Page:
Wednesday, May 5, 2010

Samantha's Writing Homework

The other night I was visiting my brother when my nine-year old niece Samantha asked me if I'd help her with her writing homework.  Back when my own kids were in elementary school, I always enjoyed the opportunity to help with various assignments and projects.  Of course, sometimes my "help" wasn't so helpful, like the time my daughter Lindsay got a D- on a History Day project after I told her that the Battle of the Bulge was fought by Oprah Winfrey.  After that, she and her brother stopped asking for my input so often.  So when Sammi asked for my assistance with the writing assignment, I was happy to get back on the homework bandwagon.

This was her assignment:

After reading the following story, write an essay about the main theme showing your understanding of the story.  Support your ideas by referring to the story and your own experiences.

The Stone in the Road
by Judy Sierra


A certain country was ruled by a kind-hearted king who would do anything for his subjects.  But at last he noticed that they were growing lazy, and seldom did anything for themselves -- or for each other!  The king wondered if there was anyone left in his kingdom who would go out of his way to help his neighbors.  So he concocted a plan.

Late one night, the king went to the main road of the kingdom and rolled a huge stone right smack into the middle of it.  Then he secretly placed a bag of gold under the stone.  Next morning, he hid near the road to watch.


First, a woman came by on her way to the market.  Because of the stone, she had to walk in the mud at the side of the road.  "Someone should really move that stone," she snapped angrily.

Next, two students passed by on their way to school.  "What a nuisance!" they cried.  "Why doesn't the king move that rock out of our road?"


And so it continued all day long: some people blamed the king, some people blamed the stone, and some even hit the stone as they walked around it.  As the sun was about to set, a young girl passed by.  When she saw the stone, she stopped.  "I'd better get this out of the road," she said.  "Someone might pass by here after dark, and not see the stone, and bump into it."  The girl pushed and pushed at the stone.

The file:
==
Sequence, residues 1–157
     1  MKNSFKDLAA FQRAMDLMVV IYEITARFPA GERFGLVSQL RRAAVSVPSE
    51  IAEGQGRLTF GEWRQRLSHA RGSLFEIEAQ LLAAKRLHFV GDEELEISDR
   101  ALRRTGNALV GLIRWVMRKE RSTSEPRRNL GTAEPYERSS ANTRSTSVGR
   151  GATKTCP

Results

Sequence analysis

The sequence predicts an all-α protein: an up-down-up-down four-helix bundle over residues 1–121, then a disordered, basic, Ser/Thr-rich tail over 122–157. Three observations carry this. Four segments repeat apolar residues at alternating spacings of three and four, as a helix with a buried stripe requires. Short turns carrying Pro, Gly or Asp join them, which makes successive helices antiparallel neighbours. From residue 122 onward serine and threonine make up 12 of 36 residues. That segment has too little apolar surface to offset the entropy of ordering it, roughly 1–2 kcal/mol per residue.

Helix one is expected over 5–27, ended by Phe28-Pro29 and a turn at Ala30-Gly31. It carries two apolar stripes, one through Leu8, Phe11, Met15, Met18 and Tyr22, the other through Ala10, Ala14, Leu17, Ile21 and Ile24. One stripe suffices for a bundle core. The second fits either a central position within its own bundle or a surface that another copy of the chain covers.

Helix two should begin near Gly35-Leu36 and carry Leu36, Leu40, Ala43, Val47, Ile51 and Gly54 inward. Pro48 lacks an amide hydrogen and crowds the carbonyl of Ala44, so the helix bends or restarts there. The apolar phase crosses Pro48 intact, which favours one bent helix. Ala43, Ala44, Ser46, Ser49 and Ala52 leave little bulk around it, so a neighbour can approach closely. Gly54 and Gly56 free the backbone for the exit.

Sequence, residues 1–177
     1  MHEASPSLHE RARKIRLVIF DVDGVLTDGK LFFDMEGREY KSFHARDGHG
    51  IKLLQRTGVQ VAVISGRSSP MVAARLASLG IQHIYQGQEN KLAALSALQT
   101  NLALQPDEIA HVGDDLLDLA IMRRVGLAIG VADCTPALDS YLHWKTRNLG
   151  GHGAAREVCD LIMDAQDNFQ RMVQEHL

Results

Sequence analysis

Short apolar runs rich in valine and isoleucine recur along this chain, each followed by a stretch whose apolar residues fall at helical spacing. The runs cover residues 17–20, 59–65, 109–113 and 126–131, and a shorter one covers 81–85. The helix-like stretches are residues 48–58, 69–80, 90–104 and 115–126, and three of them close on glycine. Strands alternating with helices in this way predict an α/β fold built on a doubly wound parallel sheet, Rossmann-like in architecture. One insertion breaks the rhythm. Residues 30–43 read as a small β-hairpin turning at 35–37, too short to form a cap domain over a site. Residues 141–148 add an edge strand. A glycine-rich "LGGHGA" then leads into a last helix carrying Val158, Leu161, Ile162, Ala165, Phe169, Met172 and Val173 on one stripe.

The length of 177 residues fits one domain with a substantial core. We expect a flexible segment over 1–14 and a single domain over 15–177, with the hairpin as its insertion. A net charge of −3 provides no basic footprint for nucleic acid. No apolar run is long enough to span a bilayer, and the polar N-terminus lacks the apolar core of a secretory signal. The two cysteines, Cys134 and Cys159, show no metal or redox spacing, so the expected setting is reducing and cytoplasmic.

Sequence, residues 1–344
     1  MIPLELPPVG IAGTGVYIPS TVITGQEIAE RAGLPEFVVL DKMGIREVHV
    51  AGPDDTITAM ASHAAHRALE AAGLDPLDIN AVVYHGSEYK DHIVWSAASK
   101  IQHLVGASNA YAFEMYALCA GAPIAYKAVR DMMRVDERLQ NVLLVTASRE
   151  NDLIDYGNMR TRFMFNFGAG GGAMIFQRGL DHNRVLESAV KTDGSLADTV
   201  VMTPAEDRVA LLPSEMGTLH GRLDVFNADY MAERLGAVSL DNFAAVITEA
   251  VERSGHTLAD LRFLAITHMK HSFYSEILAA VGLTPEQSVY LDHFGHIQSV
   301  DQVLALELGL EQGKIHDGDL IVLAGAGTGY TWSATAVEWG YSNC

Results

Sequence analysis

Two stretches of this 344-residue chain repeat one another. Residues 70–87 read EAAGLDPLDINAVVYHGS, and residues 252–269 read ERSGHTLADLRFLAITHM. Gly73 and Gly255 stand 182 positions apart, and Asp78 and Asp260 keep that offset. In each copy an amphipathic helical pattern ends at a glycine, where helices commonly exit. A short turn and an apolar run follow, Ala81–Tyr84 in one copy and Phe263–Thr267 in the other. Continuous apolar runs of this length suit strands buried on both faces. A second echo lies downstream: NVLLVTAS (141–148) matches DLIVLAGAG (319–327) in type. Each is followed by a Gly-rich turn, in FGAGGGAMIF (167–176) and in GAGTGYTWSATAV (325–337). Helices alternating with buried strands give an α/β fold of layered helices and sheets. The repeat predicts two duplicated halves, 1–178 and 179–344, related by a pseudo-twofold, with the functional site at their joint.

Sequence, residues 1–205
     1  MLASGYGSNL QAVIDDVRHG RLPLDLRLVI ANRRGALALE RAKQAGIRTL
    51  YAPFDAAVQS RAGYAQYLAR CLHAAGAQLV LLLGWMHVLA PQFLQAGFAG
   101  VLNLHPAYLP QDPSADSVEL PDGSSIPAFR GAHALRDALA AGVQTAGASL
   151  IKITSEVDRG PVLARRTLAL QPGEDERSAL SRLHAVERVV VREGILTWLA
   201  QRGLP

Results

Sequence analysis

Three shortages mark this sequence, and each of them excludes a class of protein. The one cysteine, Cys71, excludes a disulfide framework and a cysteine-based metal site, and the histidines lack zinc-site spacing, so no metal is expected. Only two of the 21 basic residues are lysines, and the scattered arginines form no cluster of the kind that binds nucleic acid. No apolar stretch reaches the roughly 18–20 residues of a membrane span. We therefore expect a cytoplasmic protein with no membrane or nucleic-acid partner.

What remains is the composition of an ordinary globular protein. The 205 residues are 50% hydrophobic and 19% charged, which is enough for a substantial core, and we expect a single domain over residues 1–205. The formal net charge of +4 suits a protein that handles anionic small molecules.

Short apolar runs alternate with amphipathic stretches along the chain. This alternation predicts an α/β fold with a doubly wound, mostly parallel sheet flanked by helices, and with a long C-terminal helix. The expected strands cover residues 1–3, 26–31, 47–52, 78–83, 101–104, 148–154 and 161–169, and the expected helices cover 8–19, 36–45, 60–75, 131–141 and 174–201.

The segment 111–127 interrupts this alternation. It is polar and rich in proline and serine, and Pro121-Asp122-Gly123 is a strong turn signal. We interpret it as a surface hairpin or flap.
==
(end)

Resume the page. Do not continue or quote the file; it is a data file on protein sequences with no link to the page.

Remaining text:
A man walked by and said, "Let the king take care of that."

But the girl kept pushing until at last the stone began to roll, and rolled over the edge of the road and down the hill.


It was then that everyone saw the bag of gold the king had left there.  Everyone agreed that the girl deserved the gold.  And, everyone was more than a bit ashamed that they had not thought of moving the stone.  After that, they began helping each other instead of waiting for the king to do things for them.

Samantha and I discussed the story at length.  While it seemed like the author (and Sam's teacher) wanted us to think that it was a story about taking responsibility and helping other people, we picked up on a more obvious (and somewhat disillusioning) message.  Here's what we came up with:

The Passive-Aggressive King: An Analysis of The Stone in the Road
By Samantha, Mrs. McDonald's third grade class 
  
The obvious theme of The Stone in the Road is that passive-aggressive trickery is a pretty screwed up way to run a kingdom.  The king in this story is a total douchebag, the sort of leader who pussy-foots around a problem rather than confronting it head-on .  He should have inspired the citizens of his kingdom with a passionate speech about cooperation, or spear-headed a community outreach program to get everyone involved in the betterment of society.  But no, he tried to solve one problem by creating an even bigger one.

In a misguided attempt to teach his subjects a lesson, the king decided to place a large stone (the word "boulder" would be more accurate here) in the middle of a well-traveled road.  What a dill weed.  Inventing a problem that doesn't exist just to illustrate one's vague point about cooperation is Neanderthal in its inception.  The king was actually very lucky that the only consequences of his roadblock were a pair of muddy shoes and two ticked off kids.  Clearly, it could've been much worse.  What if an ambulance came whizzing down the road en route to the local hospital, carrying a battle-weary prince with an opponent's lance sticking out of his neck?  The boulder in the road would, at best, cause a great delay and lessen the chances for the prince's survival.  At worst, the ambulance would slam into the boulder, everyone inside perishing in a fiery explosion.  Did the king think about that, even for a moment?